Health & safety
Cotonou is a dangerous city where muggings at knife-point are not uncommon, but tourists will be fine if they follow a few obvious rules. Stay away from the beach, a lawless zone even locals avoid. Watch your wallet in the Grand Marché du Dantokpa. Avoid the Jonquet and Ganhi business districts and the port area from late afternoon onwards, and stick to thoroughfares throughout the city. Taxis are safer at night than walking or taking zemi-johns – which are hair-raising at the best of times, and plain suicidal during rush hour.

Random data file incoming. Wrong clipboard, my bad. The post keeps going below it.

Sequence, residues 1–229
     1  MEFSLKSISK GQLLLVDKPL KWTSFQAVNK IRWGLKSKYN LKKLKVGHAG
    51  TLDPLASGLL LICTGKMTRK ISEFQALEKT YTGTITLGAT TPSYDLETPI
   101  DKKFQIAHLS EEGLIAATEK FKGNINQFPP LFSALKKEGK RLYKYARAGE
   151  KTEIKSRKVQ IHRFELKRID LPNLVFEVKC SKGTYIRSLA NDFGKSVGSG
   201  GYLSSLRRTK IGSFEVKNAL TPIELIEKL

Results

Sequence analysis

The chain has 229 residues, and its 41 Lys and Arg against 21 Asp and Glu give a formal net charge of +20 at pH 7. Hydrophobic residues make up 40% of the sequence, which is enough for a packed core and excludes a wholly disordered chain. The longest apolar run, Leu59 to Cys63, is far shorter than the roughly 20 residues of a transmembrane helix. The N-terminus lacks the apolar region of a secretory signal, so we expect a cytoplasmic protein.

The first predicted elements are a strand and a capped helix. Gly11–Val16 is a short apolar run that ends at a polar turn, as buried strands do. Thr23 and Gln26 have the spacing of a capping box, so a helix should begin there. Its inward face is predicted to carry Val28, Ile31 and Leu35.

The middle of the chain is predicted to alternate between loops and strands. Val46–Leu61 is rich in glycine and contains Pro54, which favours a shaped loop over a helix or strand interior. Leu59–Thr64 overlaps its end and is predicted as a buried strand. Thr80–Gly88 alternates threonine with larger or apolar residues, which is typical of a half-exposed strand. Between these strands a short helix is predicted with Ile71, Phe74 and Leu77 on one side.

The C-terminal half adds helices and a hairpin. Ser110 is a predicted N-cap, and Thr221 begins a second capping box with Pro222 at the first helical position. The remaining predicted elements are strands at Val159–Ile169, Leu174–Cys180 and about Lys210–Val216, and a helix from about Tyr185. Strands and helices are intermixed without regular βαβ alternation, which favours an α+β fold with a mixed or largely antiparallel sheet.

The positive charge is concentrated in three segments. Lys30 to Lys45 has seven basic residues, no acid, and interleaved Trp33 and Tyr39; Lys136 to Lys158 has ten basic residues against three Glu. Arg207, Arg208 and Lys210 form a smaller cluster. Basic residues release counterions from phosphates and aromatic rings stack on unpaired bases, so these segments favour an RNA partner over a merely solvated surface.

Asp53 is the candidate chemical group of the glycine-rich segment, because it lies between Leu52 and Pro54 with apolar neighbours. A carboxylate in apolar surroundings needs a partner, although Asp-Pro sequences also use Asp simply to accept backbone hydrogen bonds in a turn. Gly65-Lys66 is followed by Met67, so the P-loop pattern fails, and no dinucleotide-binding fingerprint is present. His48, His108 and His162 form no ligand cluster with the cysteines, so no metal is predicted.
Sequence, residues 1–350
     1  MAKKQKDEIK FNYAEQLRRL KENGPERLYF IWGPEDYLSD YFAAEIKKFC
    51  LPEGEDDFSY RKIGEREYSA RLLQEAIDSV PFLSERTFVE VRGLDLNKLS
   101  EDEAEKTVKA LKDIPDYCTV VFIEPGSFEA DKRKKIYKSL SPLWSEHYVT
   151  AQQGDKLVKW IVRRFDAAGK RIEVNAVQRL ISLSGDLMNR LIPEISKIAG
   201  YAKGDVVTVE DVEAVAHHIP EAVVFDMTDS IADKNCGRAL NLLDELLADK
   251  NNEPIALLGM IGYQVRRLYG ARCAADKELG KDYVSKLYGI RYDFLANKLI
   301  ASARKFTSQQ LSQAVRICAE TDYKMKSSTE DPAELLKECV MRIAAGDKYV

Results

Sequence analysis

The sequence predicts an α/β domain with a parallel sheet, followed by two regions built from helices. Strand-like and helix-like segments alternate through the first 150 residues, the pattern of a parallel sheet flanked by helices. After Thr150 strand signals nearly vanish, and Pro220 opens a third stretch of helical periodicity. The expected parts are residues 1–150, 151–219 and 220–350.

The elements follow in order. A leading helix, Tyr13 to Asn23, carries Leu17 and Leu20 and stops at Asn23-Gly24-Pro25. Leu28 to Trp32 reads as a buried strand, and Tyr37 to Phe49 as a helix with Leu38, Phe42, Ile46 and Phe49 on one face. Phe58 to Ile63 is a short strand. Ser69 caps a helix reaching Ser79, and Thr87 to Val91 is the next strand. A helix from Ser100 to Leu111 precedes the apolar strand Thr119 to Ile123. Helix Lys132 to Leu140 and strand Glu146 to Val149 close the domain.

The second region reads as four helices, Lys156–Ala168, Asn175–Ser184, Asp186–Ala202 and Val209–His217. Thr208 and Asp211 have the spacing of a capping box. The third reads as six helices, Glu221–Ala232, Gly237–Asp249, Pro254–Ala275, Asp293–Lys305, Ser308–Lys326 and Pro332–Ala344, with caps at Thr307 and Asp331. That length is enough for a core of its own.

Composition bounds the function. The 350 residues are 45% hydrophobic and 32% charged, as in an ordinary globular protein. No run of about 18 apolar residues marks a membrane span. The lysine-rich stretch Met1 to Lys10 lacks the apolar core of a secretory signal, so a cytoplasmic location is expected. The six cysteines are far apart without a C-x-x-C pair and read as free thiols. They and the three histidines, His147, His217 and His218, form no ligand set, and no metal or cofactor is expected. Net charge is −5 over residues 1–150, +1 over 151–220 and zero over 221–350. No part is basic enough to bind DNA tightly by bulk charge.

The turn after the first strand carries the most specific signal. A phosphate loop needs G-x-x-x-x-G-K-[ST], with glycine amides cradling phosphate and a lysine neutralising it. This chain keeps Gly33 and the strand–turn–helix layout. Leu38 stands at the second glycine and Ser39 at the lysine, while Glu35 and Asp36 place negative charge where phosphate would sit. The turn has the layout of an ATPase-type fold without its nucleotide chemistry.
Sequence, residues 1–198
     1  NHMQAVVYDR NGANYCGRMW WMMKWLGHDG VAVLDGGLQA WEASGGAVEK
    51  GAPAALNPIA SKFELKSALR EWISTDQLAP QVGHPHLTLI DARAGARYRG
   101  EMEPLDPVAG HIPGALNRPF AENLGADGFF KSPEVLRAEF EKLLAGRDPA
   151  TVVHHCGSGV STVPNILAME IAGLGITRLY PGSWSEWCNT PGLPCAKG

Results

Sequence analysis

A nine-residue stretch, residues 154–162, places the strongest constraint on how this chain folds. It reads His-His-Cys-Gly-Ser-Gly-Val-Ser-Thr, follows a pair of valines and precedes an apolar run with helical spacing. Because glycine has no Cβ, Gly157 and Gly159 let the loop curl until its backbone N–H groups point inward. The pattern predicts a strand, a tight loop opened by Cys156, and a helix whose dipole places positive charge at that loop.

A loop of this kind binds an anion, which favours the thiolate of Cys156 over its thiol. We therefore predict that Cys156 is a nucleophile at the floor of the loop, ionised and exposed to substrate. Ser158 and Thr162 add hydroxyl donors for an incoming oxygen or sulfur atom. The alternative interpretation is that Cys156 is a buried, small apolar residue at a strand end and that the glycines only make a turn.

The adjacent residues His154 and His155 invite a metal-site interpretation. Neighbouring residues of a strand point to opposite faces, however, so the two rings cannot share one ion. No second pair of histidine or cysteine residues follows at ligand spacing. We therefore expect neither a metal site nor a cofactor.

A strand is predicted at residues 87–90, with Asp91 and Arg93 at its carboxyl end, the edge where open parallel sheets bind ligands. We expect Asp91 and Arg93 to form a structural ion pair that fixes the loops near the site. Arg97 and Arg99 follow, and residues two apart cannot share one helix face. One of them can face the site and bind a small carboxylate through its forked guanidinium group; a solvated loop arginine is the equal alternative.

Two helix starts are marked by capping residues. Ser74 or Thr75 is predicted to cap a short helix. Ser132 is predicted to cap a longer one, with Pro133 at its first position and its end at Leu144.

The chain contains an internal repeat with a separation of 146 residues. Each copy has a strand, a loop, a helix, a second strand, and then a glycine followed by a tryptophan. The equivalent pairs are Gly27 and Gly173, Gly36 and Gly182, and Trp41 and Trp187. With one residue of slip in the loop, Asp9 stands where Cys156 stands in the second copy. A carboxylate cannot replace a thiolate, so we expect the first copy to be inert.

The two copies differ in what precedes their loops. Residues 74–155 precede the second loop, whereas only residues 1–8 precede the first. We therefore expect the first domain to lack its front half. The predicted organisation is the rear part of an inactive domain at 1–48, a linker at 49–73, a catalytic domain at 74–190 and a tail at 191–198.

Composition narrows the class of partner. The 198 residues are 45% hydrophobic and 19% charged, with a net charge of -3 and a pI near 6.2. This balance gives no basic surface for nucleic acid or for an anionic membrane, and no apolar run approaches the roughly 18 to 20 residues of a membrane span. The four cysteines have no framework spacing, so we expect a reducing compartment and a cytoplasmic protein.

Plausible in both appearance and manner, con men have all sorts of stories to lure tourists to a secluded area where a gang of accomplices is waiting. They may say they are in a band and they want to give you a CD, or they want you to meet a Western colleague. If someone offers to take you to the beach, alarm bells should start ringing.
Muggers have also been known to pose as zemi-john drivers.
Pharmacie Camp Ghezo (21 31 55 52; Rue 240) The best-stocked pharmacy, just around the corner from the US embassy.
Polyclinique les Cocotiers (21 30 14 20; Rue 373) A private and efficient clinic at the Carrefour de Cadjéhoun, across from the PTT Cadjéhoun.
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